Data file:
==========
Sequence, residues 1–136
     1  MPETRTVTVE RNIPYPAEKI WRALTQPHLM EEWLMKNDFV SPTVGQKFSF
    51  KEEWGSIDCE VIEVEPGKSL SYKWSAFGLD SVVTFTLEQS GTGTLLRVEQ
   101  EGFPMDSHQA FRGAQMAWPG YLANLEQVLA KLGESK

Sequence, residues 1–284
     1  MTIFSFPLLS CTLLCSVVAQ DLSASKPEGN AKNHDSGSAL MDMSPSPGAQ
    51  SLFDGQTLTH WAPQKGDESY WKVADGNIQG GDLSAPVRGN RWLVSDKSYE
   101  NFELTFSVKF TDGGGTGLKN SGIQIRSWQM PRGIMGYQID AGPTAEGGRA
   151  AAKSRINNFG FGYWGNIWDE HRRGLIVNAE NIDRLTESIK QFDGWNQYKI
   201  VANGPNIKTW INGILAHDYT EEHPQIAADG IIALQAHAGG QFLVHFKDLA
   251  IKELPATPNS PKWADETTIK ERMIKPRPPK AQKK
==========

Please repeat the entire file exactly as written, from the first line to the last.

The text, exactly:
Sequence, residues 1–136
     1  MPETRTVTVE RNIPYPAEKI WRALTQPHLM EEWLMKNDFV SPTVGQKFSF
    51  KEEWGSIDCE VIEVEPGKSL SYKWSAFGLD SVVTFTLEQS GTGTLLRVEQ
   101  EGFPMDSHQA FRGAQMAWPG YLANLEQVLA KLGESK

Sequence, residues 1–284
     1  MTIFSFPLLS CTLLCSVVAQ DLSASKPEGN AKNHDSGSAL MDMSPSPGAQ
    51  SLFDGQTLTH WAPQKGDESY WKVADGNIQG GDLSAPVRGN RWLVSDKSYE
   101  NFELTFSVKF TDGGGTGLKN SGIQIRSWQM PRGIMGYQID AGPTAEGGRA
   151  AAKSRINNFG FGYWGNIWDE HRRGLIVNAE NIDRLTESIK QFDGWNQYKI
   201  VANGPNIKTW INGILAHDYT EEHPQIAADG IIALQAHAGG QFLVHFKDLA
   251  IKELPATPNS PKWADETTIK ERMIKPRPPK AQKK